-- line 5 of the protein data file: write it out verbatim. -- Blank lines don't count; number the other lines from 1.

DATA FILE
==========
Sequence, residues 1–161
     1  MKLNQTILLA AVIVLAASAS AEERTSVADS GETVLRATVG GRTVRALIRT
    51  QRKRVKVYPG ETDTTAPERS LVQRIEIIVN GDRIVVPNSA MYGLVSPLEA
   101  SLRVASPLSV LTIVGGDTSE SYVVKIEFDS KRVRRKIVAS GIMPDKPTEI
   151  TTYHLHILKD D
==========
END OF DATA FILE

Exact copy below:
   151  TTYHLHILKD D